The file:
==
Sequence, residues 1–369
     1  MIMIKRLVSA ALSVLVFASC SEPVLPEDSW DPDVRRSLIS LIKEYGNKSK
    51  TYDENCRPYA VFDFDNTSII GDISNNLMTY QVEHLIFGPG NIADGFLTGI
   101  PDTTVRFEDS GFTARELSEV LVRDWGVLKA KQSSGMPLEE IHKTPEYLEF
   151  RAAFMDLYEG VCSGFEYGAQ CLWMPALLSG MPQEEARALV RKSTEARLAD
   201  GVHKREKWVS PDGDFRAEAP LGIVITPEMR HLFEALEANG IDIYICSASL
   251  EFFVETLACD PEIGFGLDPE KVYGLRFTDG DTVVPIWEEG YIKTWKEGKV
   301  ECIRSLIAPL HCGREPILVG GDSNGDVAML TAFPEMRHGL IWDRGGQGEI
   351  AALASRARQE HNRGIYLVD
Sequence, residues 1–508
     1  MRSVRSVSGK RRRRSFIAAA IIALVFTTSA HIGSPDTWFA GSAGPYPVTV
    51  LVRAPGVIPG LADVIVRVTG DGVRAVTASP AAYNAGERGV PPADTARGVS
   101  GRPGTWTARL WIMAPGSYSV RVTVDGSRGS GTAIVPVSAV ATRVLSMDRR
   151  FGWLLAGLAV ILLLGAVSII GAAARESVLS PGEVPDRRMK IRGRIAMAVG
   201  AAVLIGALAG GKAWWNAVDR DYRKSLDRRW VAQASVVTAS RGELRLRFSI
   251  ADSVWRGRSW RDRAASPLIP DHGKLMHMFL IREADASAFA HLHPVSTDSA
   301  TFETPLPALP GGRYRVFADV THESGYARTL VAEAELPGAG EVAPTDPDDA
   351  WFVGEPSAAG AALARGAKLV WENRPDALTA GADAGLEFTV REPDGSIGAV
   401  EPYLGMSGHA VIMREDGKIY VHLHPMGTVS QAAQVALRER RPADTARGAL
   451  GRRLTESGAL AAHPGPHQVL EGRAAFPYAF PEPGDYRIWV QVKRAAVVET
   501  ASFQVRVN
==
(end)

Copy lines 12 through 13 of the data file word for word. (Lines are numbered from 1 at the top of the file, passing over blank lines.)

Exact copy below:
    51  LVRAPGVIPG LADVIVRVTG DGVRAVTASP AAYNAGERGV PPADTARGVS
   101  GRPGTWTARL WIMAPGSYSV RVTVDGSRGS GTAIVPVSAV ATRVLSMDRR